I read The Girl Who Could Fly, by Victoria Forester. It’s a fantasy/science fiction story about a country girl named Piper who’s gifted with the ability to fly.
Her parents shunned her gift and would not let her fly. But she couldn’t help herself and flew publicly during a ball game. Soon she found herself transported to an institution called INSANE–Institute of Normalcy, Stability, and NonExceptionality. The idea of the place was to take children gifted with abnormal abilities and make them normal. Neither Piper nor her family knew this when she was carted off to this special school.
One method of normalizing the children was to put drugs in their food. Does that ring any bells? How many gifted children are on drugs for ADHD? But I digress.
Those who didn’t cooperate with the program were taken to a torture chamber and placed in a device called a MOLD. The name stands for Molecular-something-or-other. I’ve forgotten what all the letters stand for. The pressure of the MOLD squeezed its victim into submission.
Piper ended up in the MOLD after a failed escape attempt with the other children. Things became grim for her. After a few weeks she returned to class no longer able to remember her friends or that she knew how to fly.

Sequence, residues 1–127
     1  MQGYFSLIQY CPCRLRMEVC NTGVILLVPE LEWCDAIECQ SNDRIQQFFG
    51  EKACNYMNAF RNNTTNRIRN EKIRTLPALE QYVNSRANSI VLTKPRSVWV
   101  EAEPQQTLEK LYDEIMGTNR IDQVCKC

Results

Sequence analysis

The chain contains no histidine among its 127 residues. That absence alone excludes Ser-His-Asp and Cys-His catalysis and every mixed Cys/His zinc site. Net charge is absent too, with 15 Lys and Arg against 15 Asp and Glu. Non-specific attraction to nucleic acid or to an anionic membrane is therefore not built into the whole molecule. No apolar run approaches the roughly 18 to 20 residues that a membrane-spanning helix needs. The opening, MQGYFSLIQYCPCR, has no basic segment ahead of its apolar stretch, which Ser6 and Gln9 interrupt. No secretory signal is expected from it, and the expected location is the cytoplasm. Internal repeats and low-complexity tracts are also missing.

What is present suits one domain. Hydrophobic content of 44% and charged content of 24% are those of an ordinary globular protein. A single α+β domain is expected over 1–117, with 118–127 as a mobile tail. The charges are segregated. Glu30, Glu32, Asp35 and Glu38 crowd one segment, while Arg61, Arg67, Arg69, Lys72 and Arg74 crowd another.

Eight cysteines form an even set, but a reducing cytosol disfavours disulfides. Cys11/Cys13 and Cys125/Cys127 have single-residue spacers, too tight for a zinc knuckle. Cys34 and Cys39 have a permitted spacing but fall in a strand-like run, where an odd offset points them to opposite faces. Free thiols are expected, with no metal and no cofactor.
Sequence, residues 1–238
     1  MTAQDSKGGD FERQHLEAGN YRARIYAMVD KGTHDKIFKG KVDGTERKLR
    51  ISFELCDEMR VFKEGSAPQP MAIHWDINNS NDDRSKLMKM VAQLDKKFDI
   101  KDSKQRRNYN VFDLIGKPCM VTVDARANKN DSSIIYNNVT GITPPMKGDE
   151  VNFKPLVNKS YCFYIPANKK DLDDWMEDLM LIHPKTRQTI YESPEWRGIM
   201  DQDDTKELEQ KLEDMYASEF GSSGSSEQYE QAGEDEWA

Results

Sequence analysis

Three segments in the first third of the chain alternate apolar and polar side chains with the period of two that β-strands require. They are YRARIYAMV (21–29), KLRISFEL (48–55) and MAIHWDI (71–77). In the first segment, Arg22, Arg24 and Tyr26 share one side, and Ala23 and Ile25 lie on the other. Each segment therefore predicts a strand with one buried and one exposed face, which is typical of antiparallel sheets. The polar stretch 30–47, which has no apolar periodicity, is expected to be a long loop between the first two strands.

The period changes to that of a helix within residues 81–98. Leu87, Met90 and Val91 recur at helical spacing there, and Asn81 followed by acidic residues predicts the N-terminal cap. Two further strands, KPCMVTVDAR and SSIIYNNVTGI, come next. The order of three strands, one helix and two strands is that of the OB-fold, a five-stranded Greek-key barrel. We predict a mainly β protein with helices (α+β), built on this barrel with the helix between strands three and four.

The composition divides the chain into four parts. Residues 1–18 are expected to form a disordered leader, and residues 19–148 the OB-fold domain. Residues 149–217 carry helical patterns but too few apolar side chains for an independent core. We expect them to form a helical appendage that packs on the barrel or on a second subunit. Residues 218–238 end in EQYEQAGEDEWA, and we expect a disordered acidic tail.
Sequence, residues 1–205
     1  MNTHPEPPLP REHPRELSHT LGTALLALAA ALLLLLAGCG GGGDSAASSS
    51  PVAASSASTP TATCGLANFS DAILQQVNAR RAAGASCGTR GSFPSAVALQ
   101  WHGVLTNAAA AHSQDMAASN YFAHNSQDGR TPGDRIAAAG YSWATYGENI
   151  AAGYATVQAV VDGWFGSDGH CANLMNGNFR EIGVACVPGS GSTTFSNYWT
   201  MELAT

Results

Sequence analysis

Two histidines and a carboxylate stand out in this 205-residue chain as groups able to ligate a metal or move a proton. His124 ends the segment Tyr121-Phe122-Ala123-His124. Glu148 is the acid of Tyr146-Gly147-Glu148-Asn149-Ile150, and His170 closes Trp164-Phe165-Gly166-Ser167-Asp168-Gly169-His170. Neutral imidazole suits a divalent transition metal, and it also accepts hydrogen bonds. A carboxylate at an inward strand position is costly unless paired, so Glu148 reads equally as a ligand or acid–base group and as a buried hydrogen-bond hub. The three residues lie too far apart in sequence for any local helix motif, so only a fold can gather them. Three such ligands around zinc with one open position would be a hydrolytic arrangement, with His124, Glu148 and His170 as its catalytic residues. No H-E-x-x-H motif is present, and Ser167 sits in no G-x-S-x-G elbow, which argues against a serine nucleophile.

That energized the other children and brought them together as a team. They combined their abilities to miraculously bring Piper back to herself, take over the school and escape.
If you’ve read this far, you’re no doubt wondering what any of this has to do with preparedness and survival.
The MOLD reminds me of the world around us. Anyone who doesn’t conform is an outcast. Whether you’re different than those around you, or whether you’re being different by prepping, you’ve noticed the pressure to conform.
I loathe conformity. Yet I confess I’ve done plenty of it myself at various stages of my life, but I can’t say much good has come from it.
If you’re prepping, you’re doing something over 90% of the population isn’t doing. You see the threats we face and don’t want to be overtaken by them. I wish you all the best.
On the other hand, prepping has become rather trendy in recent years. It’s an idea that’s mainstream enough for TV shows to put preppers in the spotlight, then hold them up to ridicule.
Are you prepping because it’s what certain of your friends are doing? Are those friends models to emulate? Are they potential team members?
Are you taking into account specific needs for your situation? For example what natural disasters might you have to contend with where you live? Or how would your family get by if you became unemployed?
Could you be indulging in a new kind of conformity with your prepping? Do you truly believe in what you’re doing and why you’re doing it?
Give these questions some thought. Then ask yourself, even when it comes to prepping, have you been MOLDed?